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Proposed Specification

The enemies will be perceived as tuples containing a symbol (stored as a string or int) and a position (three floating-point numbers, one for each dimension X/Y/Z). This is done relatively to the current position and orientation, in the spirit of embodiment. It makes the AI easier to program in this case anyway.

The weapon is fired by calling a simple fire method. The projectile is launched automatically, and there is no need to reload. The projectile itself may be returned as an entity, depending on its type and speed. (For instance, bullets are too fast and are not perceived, whereas slower rockets may be followed.)

The aiming is done with the body turns, as defined for the movement. Because the direction of travel is independent from the orientation, this will prove satisfactory. This is the method used by human players, and proves relatively simple to master.

Because we may have AI that is too good at shooting, we'll probably need to add some noise to some of the functions. This will enable us to vary the skill of the AI implicitly.


The Weapon interface has two functions we are interested in. Firing launches the projectile, and weapon selection is handled by a requesting symbol (string or int). False is returned if something goes wrong.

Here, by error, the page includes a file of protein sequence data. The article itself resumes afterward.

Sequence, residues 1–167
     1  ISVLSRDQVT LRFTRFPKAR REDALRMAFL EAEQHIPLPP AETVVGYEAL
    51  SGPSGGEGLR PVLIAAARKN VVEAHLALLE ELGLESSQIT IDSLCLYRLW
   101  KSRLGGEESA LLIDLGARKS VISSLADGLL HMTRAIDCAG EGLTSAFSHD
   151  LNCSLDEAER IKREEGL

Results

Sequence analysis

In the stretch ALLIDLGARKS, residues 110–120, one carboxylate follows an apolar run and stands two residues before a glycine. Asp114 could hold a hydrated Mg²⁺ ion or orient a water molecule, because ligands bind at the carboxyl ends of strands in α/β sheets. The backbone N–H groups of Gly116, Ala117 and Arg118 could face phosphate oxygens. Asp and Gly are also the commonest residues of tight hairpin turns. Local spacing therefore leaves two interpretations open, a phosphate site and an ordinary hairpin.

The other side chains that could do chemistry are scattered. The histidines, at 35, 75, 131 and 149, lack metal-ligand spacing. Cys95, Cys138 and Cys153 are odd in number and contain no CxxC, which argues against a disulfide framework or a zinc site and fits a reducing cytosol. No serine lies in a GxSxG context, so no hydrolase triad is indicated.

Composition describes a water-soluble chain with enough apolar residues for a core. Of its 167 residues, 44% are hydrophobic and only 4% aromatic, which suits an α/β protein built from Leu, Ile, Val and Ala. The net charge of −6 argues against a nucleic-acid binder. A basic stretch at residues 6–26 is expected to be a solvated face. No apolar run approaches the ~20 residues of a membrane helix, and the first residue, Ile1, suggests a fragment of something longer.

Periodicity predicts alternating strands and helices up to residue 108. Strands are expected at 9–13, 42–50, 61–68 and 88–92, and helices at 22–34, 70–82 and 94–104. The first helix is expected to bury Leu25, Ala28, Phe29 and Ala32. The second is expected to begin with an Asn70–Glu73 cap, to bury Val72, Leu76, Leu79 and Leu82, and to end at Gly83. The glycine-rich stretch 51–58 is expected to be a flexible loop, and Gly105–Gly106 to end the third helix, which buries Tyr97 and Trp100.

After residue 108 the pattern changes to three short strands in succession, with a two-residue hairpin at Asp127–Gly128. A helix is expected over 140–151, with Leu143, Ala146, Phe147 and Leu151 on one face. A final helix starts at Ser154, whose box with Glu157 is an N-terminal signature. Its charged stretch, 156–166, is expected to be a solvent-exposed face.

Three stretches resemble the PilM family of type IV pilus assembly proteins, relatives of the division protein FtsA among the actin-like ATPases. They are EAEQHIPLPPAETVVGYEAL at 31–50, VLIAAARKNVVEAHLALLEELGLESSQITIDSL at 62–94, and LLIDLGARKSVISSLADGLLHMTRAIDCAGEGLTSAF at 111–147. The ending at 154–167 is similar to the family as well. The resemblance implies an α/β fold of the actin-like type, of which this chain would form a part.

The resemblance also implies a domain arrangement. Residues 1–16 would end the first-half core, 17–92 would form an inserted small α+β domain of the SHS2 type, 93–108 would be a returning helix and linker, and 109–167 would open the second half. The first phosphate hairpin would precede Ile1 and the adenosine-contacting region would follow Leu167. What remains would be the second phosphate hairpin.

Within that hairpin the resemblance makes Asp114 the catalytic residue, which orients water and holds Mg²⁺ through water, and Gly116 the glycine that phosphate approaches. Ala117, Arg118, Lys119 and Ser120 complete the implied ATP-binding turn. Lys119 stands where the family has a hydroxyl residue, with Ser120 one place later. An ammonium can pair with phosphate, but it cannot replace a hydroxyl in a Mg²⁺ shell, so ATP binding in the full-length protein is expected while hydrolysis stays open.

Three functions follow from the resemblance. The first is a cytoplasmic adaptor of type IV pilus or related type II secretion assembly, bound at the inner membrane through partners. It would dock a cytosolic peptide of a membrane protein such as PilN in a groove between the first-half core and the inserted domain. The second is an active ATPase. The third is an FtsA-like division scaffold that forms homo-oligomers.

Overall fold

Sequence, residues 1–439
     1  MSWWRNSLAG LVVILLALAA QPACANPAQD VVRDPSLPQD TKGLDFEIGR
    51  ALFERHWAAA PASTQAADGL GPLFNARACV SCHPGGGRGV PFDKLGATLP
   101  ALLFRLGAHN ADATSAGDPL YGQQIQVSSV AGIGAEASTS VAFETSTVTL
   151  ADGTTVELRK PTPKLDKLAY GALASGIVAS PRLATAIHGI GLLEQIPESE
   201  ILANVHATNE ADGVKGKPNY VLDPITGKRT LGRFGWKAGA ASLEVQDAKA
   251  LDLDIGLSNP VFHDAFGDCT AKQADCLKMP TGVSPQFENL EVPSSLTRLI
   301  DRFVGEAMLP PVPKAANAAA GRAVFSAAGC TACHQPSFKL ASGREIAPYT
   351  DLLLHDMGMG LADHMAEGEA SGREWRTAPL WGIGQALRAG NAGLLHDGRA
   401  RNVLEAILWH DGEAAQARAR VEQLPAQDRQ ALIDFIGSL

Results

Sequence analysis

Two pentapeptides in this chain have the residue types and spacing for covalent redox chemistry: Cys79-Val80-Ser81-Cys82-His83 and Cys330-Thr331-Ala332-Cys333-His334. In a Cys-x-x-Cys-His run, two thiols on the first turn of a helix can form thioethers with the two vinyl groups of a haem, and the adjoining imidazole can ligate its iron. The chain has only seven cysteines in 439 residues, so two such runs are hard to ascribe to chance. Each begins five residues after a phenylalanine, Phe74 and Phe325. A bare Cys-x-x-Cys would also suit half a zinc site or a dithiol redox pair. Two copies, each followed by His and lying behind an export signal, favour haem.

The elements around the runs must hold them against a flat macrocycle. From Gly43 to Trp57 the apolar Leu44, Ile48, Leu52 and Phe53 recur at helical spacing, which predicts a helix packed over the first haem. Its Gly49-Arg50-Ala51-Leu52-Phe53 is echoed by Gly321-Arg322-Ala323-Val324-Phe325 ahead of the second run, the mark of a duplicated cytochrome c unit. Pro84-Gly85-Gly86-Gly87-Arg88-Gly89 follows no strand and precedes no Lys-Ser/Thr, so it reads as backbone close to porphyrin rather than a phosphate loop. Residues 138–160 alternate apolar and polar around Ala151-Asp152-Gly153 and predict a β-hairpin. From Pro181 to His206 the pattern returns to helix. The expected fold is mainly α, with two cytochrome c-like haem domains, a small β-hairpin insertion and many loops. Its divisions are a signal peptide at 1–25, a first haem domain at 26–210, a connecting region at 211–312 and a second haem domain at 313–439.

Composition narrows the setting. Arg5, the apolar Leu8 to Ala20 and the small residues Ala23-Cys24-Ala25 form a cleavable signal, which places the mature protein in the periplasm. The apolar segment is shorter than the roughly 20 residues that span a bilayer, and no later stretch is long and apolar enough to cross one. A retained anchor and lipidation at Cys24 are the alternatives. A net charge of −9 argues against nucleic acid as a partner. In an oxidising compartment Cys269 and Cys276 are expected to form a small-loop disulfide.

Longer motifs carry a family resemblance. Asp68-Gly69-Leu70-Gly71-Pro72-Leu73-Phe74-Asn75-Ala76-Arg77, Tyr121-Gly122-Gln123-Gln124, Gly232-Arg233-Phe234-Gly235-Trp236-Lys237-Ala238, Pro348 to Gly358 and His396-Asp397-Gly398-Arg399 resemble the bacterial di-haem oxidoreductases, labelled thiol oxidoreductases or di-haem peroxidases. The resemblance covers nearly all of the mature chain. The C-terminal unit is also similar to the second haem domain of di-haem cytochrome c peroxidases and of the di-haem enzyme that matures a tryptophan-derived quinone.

void Fire();
boor Select(const Symbol& weapon);

Next, the Vision interface is extended to handle tracing projectiles. (It was used for finding obstacles.) The vector given is relative to the current view. The return value is the distance to the first obstacle.

float TraceProjectile(const Vec3f& orientation);

Finally, a query is used to gather the visible entities as an array. This is also part of the Vision module. The second parameter is used to filter the entities that the animat is interested in. (Only those that unify are returned.)

void VisibleEntities(vector<Entity>& visible, const Entity::Type& unifier = 0 );

Letting the brain gather the entities manually provides it with the most flexibility to handle different situations (for instance, multiple different players). If only one enemy is present, a message-passing approach may be more suitable.

Code Skeleton

A successful implementation will involve more than just using all these interface calls, but here's a simple example nonetheless:

void Think()
  // query the visual interface for an array of players
        vision->VisibleEntities( players );
  // scan the nearby players to find an enemy
     for (int i=0; i<players.size(); ++i)
          // remember target
 // turn the view and launch a projectile
     motion->Turn( target.GetPosition() );

This book does not cover the weapon selection until Part IV; a randomly selected weapon is assumed. The implementation of the different brains in the next few chapters will be split into parts, roughly corresponding to each of the skills discussed (that is, prediction, targeting, and aiming).

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